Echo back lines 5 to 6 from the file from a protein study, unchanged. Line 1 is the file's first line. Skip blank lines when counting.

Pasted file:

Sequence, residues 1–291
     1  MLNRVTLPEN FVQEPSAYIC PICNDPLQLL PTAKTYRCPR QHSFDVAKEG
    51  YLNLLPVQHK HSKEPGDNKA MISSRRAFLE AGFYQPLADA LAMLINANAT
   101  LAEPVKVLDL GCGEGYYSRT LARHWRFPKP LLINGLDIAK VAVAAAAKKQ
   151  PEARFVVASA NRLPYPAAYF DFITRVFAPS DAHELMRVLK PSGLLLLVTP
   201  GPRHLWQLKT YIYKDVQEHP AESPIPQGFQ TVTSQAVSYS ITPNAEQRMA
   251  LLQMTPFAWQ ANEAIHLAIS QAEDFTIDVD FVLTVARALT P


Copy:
   151  PEARFVVASA NRLPYPAAYF DFITRVFAPS DAHELMRVLK PSGLLLLVTP
   201  GPRHLWQLKT YIYKDVQEHP AESPIPQGFQ TVTSQAVSYS ITPNAEQRMA